The Covid pandemic has now accounted for over 5.6 million deaths worldwide (as at 27th of January 2022). It has brought untold suffering to communities, it has devastated economies and the long term effects of it on the health of millions of people is still unknown.
Scientific research has excelled itself in producing vaccines and studying the virus: how it spreads and how it adapts to try and survive.
A large international team of researchers has been looking at the Omicron variant which has caused major spikes in infection worldwide.
They have found that the Omicron variant of SARS-CoV-2 diverged from previous SARS-CoV-2 variants as a result of adaptive evolution, in which beneficial mutations are passed on to future generations through natural selection, rather than through recombination between previous variants.
Maciej Boni, associate professor of biology, Penn State, who led the recombination analysis for this global collaboration, explains:
“We have seen SARS-CoV-2 generate three major variants — Alpha, Delta and Omicron — in about 16 months, which is very surprising because other viruses do not make such repeated big evolutionary leaps
“The latest variant — Omicron — is extraordinary because of the even bigger jump it made in the evolution of its spike protein.”
Omicron’s spike protein has more than 30 mutations, many of which are known to influence host antibody neutralization.
“Given that Omicron made such a big leap forward evolutionarily speaking, we wanted to investigate why and how this may have happened,” he said.
To do that, the team — which was led by the Centre for Epidemic Response and Innovation in South Africa — analyzed all 686 Omicron sequences that were available by Dec. 7, 2021. They found that Omicron falls within the B.1.1 lineage, which also includes the Alpha variant. Interestingly, the team found that Omicron is genetically distinct from Alpha, as well as any other known variants of interest.
“What this means is that although Omicron belongs to the same lineage as the Alpha variant, it has changed to such a great extent that it is largely unrecognizable as a cousin or nephew of the Alpha variant,” said Boni.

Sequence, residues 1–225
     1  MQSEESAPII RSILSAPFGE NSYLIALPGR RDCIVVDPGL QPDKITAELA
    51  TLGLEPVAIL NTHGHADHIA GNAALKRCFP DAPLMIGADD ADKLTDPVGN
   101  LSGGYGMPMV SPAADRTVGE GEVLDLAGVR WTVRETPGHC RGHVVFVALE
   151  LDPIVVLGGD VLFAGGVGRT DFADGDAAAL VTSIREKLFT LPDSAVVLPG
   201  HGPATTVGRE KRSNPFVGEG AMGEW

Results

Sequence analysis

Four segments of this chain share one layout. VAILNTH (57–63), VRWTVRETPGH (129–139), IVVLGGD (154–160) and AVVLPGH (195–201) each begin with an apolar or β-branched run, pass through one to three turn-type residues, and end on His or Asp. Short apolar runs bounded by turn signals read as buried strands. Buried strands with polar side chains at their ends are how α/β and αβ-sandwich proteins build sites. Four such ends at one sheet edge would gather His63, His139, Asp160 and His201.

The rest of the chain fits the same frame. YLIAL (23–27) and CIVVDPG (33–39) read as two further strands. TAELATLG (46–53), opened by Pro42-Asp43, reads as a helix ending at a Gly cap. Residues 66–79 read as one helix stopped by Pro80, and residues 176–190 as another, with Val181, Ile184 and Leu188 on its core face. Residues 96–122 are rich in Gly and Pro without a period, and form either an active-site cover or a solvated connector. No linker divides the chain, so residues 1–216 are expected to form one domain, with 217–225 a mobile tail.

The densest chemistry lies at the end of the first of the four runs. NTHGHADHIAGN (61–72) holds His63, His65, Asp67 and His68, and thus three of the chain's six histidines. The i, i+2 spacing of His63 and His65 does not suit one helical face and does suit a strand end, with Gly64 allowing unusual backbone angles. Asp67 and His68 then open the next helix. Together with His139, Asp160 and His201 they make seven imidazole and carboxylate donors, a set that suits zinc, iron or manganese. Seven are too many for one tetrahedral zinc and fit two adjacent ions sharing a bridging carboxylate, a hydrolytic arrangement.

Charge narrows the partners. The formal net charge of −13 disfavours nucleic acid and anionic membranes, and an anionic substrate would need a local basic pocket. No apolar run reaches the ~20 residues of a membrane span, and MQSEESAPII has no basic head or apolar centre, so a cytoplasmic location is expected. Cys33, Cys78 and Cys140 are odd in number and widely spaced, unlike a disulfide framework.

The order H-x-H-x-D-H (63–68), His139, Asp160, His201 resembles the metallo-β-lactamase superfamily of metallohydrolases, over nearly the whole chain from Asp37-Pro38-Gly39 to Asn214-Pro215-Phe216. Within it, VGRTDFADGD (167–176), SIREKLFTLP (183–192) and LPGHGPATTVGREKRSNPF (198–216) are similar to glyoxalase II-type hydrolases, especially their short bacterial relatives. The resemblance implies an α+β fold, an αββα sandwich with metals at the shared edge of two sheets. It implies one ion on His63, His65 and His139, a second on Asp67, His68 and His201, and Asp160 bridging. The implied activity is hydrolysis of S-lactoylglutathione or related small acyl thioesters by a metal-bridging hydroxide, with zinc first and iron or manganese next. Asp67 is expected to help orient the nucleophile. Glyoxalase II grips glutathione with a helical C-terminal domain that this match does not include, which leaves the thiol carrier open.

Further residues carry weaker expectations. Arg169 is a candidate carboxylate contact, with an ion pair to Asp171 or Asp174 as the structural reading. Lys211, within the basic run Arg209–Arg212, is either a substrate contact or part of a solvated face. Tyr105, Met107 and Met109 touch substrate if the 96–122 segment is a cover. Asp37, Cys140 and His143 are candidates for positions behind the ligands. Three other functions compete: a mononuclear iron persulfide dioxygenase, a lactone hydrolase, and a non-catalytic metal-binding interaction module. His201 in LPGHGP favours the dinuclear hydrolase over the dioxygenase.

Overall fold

“When the Omicron genome was first sequenced, it became clear that this virus had the potential to be phenotypically very different from previous SARS-CoV-2 variants that we were familiar with.”
To determine when the Omicron variant first emerged, the team used a technique, called time-calibrated Bayesian phylogenetic analysis. They estimated that the date when the most recent common ancestor of all Omicrons existed was early October 2021.
Next, the team applied a selection analysis to the 686 Omicron sequences and found evidence of positive natural selection in many genes since the variant split from other B.1.1 lineages.
“This finding led to our conclusion that adaptive evolution played a significant role in the early emergence and establishment of Omicron,” said Boni.
“This finding suggests that Omicron is likely the result of an evolutionary process that created a highly transmissible virus that partially evades our antibody responses.”
Additionally, the finding ruled out recombination of previous variants in the origin of Omicron.
“We found no convincing evidence of Omicron being a recombinant of previous SARS-CoV-2 variants,” said Boni.
The team did find that some samples of Omicron displayed weak evidence of having inherited genetic material from a Delta virus, but statistical analyses could not rule out random chance or small sequencing errors as causes of this curious recombination signal.
“Given the recent misinformation suggesting that the Omicron and Delta variants have recombined to create a ‘Deltacron’ super variant, it is important to note that such recombination is in fact possible, but there is currently no evidence that this has occurred,” said Boni. “Additionally, if it does occur, there’s no telling what the properties of such a virus would be in terms of its ability to transmit and/or cause severe disease, among other factors.”
Regarding Omicron’s transmissibility, the team concluded that partial immune evasion was likely a major driver of the rapid spread of omicron in South Africa given that the proportion of the South African population that was immune (either from infection, vaccination or both) was above 60%.
“This idea that Omicron can partially evade the immune system is supported by other recent findings showing an increased risk of SARS-CoV-2 reinfection associated with the emergence of Omicron,” said Boni.
“We also know now that the viral load of Omicron is higher in people who are infected, which also contributes substantially to its high transmission rate.”
The study Rapid epidemic expansion of the SARS-CoV-2 Omicron variant in southern Africa is published in the journal Nature.
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